So good you forget how big it is
Not too long ago, if you wanted to carry seven people in a motor vehicle, you had to settle for a boxy van or unwieldy land yacht like the Chevrolet Suburban or Ford Expedition.
But a remarkable thing has happened to large people haulers in recent years. Car-based crossovers have gotten bigger without sacrificing their more refined rides. Now several manufactures offer seven-passenger SUVs that don't look or drive like school buses.
In fact, the 2010 Mazda CX-9 looks and drives like a sporty fastback. A very big fastback, but sporty looking and driving nevertheless.
Of course, by seven passengers we really mean five adults and two children. Third row seats have always been small, including the original rear-facing versions in the full-size American station wagons of the 1960s and 1970s. But those in the CX-9 are relatively easy to access because the second row slides far forward.
On the road, it's easy to forget how big the 4,585-pound CX-9 really is. 'Quick' and 'agile' are two words that spring to mind when driving down the road. The 273-horsepower V6 is fast off the line, even without using the manual shift mode of the smooth six-speed automatic transmission. The ride is firm but comfortable, and the four-wheel-disc brakes are responsive and well-modulated.
It's only when you look in the rear view mirror and see all that space behind the front seats that you remember you're driving a full-size SUV.
The exterior is equally deceiving. The lines are sleek and clean, similar to Mazda's smaller CX-7 crossover. In fact, at a distance, you might confuse the two. But the CX-9 actually towers over almost everything else on the road, meaning outward visibility is great. The optional rear view camera is helpful for backing up, however, since the back window is so high.
Our test model was equipped with heated leather seats, a navigation system, Bose stereo, dual zone climate controls and wood trim. Unlike many other vehicles, these luxury features did not compromise the performance orientation of the CX-9. In large part that is because the dash and console design is so crisp and clean. The big analog gauges were helpful, too.
Our test model also came with Mazda's Active Torque Split All-Wheel-Drive system. Although we did not try any serious off-roading, It worked just fine during the unseasonably heavy May rainstorms.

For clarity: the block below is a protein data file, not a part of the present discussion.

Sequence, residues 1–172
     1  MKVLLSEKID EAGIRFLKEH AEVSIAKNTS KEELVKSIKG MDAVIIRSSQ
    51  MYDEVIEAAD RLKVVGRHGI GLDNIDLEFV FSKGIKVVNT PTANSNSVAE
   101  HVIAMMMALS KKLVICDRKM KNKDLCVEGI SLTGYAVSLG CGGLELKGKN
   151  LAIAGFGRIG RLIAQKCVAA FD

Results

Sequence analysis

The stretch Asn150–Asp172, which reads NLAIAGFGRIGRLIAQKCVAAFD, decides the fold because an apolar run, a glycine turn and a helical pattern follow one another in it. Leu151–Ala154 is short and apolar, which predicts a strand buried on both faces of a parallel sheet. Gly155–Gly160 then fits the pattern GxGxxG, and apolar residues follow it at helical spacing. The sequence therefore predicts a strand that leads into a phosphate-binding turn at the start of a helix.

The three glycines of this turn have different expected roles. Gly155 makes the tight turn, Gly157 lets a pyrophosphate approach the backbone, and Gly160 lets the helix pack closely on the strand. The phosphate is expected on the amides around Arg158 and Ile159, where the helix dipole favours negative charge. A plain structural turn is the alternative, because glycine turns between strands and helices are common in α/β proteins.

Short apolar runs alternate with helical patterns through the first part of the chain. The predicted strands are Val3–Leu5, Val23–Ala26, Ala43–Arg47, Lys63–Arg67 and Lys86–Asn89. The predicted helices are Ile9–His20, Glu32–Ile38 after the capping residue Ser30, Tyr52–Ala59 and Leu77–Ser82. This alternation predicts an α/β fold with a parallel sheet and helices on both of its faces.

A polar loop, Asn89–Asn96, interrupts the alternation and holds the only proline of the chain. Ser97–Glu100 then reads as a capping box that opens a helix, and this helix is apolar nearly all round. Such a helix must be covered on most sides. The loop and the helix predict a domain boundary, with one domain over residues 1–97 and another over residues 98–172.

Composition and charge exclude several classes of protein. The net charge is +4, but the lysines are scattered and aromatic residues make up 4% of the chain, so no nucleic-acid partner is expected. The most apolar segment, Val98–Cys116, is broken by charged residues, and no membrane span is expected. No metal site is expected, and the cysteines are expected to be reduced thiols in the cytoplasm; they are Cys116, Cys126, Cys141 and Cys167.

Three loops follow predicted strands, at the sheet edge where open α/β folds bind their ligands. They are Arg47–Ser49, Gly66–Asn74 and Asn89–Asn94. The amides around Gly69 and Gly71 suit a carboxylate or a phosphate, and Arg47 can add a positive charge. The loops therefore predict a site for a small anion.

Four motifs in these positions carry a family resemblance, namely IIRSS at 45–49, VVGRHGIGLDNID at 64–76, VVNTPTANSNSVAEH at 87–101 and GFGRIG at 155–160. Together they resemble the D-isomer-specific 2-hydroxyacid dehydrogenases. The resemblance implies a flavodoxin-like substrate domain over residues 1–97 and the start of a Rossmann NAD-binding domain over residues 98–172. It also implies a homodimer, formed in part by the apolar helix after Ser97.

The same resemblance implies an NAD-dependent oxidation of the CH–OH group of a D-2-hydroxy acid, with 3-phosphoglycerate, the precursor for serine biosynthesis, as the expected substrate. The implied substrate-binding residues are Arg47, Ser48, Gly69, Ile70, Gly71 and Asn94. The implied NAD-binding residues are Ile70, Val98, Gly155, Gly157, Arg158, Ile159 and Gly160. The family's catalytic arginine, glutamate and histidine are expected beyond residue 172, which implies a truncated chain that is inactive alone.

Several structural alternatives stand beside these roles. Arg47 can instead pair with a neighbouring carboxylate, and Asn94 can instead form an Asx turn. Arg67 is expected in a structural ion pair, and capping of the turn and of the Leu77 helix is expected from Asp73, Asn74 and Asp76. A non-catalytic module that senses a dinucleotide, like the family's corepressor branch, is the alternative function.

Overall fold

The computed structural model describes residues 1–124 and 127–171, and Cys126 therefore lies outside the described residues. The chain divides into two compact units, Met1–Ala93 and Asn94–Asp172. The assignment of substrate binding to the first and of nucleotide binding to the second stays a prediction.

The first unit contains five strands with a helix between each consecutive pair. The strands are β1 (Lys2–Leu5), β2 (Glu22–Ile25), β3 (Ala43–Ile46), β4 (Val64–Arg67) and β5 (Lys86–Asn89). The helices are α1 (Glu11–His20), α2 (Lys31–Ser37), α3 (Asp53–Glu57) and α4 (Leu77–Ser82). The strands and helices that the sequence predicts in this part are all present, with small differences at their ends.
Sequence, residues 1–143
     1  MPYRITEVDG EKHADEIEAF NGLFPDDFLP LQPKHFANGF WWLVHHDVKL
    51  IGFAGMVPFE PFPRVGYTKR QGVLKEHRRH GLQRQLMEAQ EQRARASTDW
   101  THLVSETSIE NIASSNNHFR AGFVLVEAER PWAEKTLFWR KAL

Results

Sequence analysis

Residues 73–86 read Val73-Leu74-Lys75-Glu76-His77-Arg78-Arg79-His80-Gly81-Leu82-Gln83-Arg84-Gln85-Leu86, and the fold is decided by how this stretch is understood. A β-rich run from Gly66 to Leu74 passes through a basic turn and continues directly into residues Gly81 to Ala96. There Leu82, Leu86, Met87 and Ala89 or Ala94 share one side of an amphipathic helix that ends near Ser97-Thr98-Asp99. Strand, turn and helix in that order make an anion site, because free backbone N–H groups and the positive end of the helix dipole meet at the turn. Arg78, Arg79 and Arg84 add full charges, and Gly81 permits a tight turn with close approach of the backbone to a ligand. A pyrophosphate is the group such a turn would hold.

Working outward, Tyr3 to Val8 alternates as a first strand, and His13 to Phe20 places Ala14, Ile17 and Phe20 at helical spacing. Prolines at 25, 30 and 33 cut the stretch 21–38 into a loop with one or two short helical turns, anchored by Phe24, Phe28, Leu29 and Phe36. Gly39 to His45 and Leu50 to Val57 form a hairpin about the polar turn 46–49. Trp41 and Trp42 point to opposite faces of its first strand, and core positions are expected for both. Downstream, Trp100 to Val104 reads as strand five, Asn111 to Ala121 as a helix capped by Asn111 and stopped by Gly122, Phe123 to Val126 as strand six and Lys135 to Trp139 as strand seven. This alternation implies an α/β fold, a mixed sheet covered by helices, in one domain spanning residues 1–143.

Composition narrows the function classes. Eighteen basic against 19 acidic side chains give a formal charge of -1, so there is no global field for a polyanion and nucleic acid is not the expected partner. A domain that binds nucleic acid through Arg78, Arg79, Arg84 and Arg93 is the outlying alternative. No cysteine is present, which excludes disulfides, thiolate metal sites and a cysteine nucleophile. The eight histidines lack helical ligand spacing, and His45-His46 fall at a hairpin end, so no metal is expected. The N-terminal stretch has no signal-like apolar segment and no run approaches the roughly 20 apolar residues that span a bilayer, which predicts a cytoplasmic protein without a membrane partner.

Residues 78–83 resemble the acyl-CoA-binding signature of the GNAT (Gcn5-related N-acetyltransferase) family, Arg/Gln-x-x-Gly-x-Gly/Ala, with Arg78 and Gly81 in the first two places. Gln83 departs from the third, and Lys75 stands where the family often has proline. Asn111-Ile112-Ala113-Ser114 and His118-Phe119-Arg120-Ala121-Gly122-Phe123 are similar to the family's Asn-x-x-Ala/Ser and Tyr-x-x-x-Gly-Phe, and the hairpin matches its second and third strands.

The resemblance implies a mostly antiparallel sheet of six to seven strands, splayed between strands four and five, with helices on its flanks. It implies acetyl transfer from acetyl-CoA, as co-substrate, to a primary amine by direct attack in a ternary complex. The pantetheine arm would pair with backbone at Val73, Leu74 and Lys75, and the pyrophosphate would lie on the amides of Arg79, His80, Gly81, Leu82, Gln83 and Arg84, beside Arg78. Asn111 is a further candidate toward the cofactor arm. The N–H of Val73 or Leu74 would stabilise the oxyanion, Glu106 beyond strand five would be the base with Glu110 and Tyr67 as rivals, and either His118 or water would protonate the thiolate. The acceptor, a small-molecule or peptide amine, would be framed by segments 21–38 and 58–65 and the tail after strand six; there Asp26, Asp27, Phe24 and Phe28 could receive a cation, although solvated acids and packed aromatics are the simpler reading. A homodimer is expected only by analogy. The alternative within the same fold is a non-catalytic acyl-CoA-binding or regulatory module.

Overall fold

Like practically all new cars today, the CX-9 is available with all kinds of high-tech features, including an auxiliary-audio input jack and Bluetooth capability. Unlike many new cars, the climate control adjustments are made by large dash-mounted knobs that are easy to find and use, even at night.
No seven-passenger vehicle is going to get great mileage and the CX-9 is no exception, with the two-wheel-drive version maxing out at an EPA estimated 22 miles per gallon on the highway. That's still better than the older Suburbans and Expeditions, however, which is another indication of how far such family-haulers have come in recent years.
Our test model cost around $40,000. You can spend more - much more - on a full-size SUV these days. Some of the extra money can get you features that aren't available on the CX-9, like a V8 engine or seven-speed automatic transmission. But you would be hard pressed to find a better-balanced seven-passenger crossover these days, regardless of price.
Facts and figures
• Model: 2010 CX-9
• Manufacturer: Mazda.
• Class: Full-size crossover
• Layout: Front engine, front or all-wheel-drive.
• Style: Five-door, seven passenger hatchback.
• Engines: 3.7-liter V6 (273 hp, 270 ft-lbs).
• Transmissions: Six-speed automatic with manual shift mode.
• EPA estimated city/highway mileage: 16/22; 15/21 (AWD as tested).
• Price: Beginning at approximately $30,000 ($39,000 as tested).